Omnibus Budget Reconciliation Act of 1993

Definition

The term Omnibus Budget Reconciliation Act of 1993 refers to a law that attempted to reduce the federal deficit through spending cuts as well as increased taxes.  The Omnibus Budget Reconciliation Act of 1993 (OBRA 93), which was passed during the Clinton Administration, included increases to the tax on fuel, Medicare, and Social Security in addition to federal income taxes.

Explanation

Also known as the Budget Reconciliation Act of 1993 and the Deficit Reduction Act of 1993, OBRA 93 legislation resulted in a tax increase to both individuals as well as corporations.  Several of the major provisions of this new tax code included:

Individuals

  • Tax Brackets:  the total number of brackets was increased from three to five, with the introduction of the 36% and 39.6% federal income tax rates.
  • Social Security:  the portion of Social Security benefits subject to federal income tax was increased from 50% to 85%.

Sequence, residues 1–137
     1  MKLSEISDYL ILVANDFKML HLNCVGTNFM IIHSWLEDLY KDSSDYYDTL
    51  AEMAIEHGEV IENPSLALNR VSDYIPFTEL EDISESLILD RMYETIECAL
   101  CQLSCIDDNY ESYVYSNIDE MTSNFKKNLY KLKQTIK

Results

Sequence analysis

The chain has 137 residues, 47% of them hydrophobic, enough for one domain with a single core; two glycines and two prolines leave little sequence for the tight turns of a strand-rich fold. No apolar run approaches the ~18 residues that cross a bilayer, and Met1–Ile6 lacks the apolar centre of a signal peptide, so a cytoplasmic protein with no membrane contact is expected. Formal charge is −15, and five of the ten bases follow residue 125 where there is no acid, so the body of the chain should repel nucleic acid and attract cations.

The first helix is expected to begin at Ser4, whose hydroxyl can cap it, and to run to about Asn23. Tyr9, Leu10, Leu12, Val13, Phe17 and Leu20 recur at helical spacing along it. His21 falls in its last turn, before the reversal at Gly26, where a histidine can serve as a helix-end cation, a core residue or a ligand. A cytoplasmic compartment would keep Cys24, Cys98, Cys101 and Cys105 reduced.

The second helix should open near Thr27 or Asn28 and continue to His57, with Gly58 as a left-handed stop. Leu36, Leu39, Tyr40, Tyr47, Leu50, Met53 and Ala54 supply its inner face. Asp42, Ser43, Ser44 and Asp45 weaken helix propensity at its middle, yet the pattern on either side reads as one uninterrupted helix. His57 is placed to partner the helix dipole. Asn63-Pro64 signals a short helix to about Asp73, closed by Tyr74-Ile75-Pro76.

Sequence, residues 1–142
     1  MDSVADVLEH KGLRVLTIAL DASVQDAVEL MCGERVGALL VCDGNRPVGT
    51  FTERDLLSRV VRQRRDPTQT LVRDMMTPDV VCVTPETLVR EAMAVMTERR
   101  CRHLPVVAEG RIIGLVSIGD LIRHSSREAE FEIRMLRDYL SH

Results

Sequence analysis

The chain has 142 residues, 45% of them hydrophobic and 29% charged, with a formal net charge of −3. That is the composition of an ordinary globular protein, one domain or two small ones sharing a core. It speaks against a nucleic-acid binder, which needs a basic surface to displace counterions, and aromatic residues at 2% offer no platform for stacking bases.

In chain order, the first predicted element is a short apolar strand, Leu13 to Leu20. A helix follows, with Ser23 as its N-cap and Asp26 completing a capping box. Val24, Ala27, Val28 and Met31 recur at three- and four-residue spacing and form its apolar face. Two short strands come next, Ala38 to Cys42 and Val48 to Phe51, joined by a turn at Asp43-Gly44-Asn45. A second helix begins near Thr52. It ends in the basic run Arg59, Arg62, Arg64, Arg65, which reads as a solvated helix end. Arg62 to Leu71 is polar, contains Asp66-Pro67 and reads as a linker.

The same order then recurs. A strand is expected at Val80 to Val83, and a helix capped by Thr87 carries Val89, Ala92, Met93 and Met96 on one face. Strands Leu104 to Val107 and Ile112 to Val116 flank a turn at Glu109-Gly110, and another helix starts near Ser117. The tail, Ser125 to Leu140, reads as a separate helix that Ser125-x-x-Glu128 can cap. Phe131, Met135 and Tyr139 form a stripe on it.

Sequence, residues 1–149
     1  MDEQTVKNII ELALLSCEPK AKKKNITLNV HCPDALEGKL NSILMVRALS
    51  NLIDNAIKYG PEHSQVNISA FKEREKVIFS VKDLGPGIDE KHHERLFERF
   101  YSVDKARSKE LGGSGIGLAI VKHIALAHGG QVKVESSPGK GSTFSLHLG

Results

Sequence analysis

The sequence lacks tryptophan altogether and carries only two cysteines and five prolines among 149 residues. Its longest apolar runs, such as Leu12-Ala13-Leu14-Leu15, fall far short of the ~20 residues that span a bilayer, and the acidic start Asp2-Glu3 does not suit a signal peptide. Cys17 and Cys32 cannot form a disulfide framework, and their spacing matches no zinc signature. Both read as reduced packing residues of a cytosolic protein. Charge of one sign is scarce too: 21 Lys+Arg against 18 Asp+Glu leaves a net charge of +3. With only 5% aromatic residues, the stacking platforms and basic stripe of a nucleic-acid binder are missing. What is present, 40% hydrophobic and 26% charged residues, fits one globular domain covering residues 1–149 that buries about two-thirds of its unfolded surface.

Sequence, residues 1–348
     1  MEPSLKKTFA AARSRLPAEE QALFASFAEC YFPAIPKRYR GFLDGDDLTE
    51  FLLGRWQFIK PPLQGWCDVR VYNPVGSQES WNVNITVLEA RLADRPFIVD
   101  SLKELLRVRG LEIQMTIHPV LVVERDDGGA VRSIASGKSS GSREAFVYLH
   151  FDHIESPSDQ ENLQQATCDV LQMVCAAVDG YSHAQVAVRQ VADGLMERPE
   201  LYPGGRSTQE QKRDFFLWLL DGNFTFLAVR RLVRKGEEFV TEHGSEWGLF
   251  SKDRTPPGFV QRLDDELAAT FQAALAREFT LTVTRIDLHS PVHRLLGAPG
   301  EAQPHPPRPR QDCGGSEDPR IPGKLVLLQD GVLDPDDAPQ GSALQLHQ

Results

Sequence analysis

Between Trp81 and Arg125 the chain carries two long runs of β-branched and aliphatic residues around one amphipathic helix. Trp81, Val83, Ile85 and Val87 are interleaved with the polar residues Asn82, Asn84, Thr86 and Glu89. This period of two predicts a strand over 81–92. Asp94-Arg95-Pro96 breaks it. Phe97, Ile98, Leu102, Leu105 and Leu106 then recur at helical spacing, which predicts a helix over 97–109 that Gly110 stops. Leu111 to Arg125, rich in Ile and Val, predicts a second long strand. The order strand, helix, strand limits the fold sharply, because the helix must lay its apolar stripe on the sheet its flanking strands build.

• Medicare:  eliminated the income cap of $135,000 subject to the 2.8% Medicare tax.
  • Exemptions and Deductions:  the income-based phase-out of personal exemptions and the limits on itemized deductions were permanently extended.
  • Motor Fuels Tax:  extended the current tax of 2.5 cents per gallon, while increasing the fuel tax by 4.3 cents per gallon of gasoline.

Corporations

  • Tax Brackets:  the top tax rate for corporations was increased from 34% to 35%.
  • Lobbying Expenses:  costs associated with lobbying efforts were no longer deductible on federal income tax returns.
  • Goodwill Amortization: the length of time over which goodwill could be amortized was increased to 15 years.

Related Terms

flat tax, progressive tax, excise tax, ad valorem tax, franchise taxregressive tax, marginal tax rate, sales tax, stealth tax, tax code, Tax Reform Act of 1986Taxpayer Relief Act of 1997, sales and use tax